A lot of people are interested in Ashitaba, the herb with many medicinal attributes that we wrote about in this magazine’s October 2014 issue. Now that seeds and seedlings are available, the next thing enthusiasts would like to know is how to grow the plant.
By Zac B. Sarian
Here are some pointers gathered from the very persons who have hands-on experience in culturing the medicinal herb under local conditions. The two are Adela Ang of Quezon City and Marvin Chagyo of La Trinidad in Benguet.
Adela is a cancer survivor who came up with the advocacy of making real Ashitaba available to ordinary people at an affordable price. Since 2012, she has done much research on the Internet. At the same time she went to Taiwan to acquire planting materials as well as to train on growing and processing Ashitaba products.
Marvin, on the other hand, used to be a strawberry grower before he was engaged by Adela to become a contract grower on his one-hectare farm in Lamtang, La Trinidad. He majored in horticulture at the Benguet State University and has done his own experimentation in growing the Ashitaba seeds as well as the plants that were imported from Taiwan.
One useful observation of Marvin is that seeds that sprout and grow very slowly. As per his experience, the seedlings take about four months to attain a height of a few inches.
Lately, however, he has found a way of accelerating the growth of his seedlings: by spraying the young seedlings (as early as when they have two leaves) with the Power Grower Combo developed by Alfonso Puyat.
This is the same formulation of plant growth accelerator that revived the orchids of Edna Viterbo that were damaged by Typhoon Yolanda—something we featured earlier in this magazine.
At first, Marvin sprayed Power Grower Combo on some of his Ashitaba seedlings while leaving some untreated. To the pleasant surprise of both Marvin and Adela, the seedlings suddenly become bigger and more robust. The same was experienced by Adela when her seedlings germinated at her former place at the Manila Seedling Bank (she has since transferred to a new nursery in Silang, Cavite).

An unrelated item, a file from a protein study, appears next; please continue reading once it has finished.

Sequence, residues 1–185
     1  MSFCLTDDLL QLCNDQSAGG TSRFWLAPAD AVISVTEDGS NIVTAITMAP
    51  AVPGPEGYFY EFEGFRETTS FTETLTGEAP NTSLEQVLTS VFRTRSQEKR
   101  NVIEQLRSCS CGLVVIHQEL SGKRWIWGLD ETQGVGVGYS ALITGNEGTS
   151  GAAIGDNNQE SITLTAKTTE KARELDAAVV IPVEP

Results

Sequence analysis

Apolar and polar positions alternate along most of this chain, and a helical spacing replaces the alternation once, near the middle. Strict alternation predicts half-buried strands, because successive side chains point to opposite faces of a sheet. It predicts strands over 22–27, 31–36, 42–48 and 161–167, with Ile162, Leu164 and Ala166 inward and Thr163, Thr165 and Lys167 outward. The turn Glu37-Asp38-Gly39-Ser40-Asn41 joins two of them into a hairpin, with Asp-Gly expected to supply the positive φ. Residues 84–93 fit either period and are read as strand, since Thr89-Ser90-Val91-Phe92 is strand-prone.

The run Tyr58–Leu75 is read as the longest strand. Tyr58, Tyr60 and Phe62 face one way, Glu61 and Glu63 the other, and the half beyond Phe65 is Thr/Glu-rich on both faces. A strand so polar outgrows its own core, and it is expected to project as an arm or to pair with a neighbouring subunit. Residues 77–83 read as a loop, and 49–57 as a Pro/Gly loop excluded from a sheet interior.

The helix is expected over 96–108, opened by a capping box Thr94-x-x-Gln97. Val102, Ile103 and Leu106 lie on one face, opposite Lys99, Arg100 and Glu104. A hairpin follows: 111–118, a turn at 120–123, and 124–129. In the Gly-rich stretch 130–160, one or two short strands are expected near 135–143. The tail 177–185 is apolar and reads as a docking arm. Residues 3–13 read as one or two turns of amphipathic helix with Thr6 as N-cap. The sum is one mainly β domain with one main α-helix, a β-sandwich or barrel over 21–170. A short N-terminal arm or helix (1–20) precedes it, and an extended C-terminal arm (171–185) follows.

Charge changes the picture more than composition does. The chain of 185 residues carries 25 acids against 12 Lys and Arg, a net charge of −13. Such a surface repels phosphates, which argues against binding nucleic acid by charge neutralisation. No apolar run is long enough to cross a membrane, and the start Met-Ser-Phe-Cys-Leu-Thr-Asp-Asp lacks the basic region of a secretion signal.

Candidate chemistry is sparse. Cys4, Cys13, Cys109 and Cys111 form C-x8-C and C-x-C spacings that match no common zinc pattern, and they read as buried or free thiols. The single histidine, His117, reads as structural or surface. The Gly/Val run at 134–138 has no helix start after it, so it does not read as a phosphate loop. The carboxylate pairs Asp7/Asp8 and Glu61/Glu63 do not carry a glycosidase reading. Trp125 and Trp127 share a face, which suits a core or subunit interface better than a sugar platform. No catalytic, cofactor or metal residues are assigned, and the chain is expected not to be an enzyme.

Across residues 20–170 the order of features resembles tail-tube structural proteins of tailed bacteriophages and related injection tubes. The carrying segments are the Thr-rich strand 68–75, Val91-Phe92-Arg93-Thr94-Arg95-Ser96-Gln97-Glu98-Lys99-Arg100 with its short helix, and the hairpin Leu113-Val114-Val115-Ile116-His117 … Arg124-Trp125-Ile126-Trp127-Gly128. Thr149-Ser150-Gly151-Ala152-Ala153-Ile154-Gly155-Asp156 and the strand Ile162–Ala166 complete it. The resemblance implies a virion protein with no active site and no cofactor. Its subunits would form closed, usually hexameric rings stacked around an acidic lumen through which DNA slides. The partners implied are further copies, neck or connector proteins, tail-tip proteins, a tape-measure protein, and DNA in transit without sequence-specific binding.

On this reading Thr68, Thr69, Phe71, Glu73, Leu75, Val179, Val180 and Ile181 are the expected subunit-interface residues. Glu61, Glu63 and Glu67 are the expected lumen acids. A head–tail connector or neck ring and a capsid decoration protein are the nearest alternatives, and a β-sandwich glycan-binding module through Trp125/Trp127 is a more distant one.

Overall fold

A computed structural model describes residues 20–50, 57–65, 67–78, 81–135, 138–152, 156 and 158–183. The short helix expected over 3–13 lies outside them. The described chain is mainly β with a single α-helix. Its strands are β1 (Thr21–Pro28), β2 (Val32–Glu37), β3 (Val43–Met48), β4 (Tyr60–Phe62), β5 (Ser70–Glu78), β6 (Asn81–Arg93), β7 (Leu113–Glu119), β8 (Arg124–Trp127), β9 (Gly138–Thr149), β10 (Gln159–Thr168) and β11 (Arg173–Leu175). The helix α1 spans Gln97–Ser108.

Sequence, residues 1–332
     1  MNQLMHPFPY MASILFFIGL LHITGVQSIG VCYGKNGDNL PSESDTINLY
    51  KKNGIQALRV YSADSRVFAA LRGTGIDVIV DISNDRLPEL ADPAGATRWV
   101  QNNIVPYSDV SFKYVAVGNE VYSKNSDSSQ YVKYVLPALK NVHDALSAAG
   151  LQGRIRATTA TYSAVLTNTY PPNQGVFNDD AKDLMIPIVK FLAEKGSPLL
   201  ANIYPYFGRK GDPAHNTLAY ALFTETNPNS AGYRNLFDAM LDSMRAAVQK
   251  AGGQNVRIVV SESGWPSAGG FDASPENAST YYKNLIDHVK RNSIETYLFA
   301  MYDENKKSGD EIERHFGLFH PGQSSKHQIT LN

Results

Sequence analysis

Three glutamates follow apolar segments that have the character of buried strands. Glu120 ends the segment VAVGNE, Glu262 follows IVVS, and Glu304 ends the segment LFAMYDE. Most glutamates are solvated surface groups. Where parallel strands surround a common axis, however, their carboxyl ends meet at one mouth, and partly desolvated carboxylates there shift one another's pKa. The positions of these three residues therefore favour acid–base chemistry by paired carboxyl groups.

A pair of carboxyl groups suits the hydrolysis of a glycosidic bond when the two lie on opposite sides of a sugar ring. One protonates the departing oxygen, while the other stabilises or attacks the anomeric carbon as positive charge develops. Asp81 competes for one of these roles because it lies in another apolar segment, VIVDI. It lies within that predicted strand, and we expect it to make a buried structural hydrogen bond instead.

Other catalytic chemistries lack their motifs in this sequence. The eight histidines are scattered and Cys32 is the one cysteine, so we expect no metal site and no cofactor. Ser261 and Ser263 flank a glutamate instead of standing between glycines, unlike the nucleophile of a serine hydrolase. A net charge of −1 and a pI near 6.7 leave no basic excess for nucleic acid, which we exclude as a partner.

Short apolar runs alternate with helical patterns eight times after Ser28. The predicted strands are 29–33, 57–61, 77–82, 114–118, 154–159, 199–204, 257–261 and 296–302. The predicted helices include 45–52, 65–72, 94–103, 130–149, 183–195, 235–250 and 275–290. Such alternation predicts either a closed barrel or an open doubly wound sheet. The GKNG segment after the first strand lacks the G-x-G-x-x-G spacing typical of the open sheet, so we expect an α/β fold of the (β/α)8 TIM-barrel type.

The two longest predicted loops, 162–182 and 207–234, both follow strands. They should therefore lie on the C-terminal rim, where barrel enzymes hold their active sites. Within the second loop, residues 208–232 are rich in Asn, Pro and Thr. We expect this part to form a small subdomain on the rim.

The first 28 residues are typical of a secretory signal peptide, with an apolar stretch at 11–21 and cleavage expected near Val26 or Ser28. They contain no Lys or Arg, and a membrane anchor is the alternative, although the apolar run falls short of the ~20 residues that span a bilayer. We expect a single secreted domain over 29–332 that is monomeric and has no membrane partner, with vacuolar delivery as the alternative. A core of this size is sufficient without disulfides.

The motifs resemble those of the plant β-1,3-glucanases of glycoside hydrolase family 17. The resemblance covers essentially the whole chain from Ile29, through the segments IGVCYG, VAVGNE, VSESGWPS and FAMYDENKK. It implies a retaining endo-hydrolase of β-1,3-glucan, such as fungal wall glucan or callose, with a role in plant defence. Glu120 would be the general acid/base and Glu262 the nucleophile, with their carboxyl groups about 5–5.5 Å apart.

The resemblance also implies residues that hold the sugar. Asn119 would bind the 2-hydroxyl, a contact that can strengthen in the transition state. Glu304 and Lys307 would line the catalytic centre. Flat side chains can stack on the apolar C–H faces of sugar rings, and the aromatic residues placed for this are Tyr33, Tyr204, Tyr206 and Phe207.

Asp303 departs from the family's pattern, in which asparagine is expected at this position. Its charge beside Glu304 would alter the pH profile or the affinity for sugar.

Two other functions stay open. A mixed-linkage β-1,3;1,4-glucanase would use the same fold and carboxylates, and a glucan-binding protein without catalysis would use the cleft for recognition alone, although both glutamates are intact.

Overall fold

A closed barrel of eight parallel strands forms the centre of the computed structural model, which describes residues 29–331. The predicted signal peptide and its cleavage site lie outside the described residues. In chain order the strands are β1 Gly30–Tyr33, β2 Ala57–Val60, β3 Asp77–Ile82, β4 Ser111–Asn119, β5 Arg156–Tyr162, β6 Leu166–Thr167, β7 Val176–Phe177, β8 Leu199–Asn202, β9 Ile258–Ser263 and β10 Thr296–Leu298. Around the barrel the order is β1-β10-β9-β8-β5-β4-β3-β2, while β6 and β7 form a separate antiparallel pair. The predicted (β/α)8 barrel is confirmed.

In the field, Marvin (without telling Adela) experimented on using chemical fertilizer in one plot, a combination of chemical and organic fertilizer in another, and a plot fertilized with purely organic fertilizer. This is what Marvin found. He observed that the plants responded immediately to the chemical fertilizer. On the other hand, the plants that were applied with organic fertilizer grew slower but had caught up by the fourth month, eventually exceeding the performance of the chemically fertilized plants in the long run. Now, he prefers organic to chemical fertilizers.
Marvin showed us a portion of his plantation where the plants were not as robust. The reason, he explained, was that the area was lower and rainwater accumulated there. There was no adequate drainage, that’s what. And so he recommends that the plantation should be provided with drainage canals between plots.
Ashitaba plants are also sensitive to strong rains. Too much water can kill them. That is why when we visited Marvin, he was in the process of putting up posts for installing plastic roofing over the full-grown plants. That is one way of assuring unblemished leaves for processing into tea. Right now, they are harvesting leaves and stalks for making tea.
Tagaytay as Production Area
Adela is convinced that Tagaytay is a good growing area to produce leaves and stalks for processing. A couple of months back, they balled several hundred plants from Benguet and planted them in the new growing area in Tagaytay. During the first month, the plants looked stressed. Many of their leaves were yellowish.
Adela tells us that the stressed plants have now become vigorous and are producing big green leaves. The reason? She has been having those plants regularly sprayed with Power Grower Combo. In a month or so after our visit in late September, the leaves would be ready for harvesting for making Ashitaba tea.
Benguet for Flower Production
Adela Ang believes that Tagaytay is a good place for the production of Ashitaba leaves for making tea. Although transporting the harvest from Benguet to Manila is more expensive, she will continue growing the plant in the Cordillera for the production of Ashitaba flowers.
Why flowers? Well, she says the flowers yield a lot of chalcone, which is rich in antioxidants. That’s what she will use in making premium Golden Ashitaba tea with chalcone. We are sure more experiments will be conducted to find out better ways of producing Ashitaba. One, for instance, will be to find a way of growing Ashitaba satisfactorily in the lowlands.
This appeared in Agriculture Monthly’s November 2014 issue.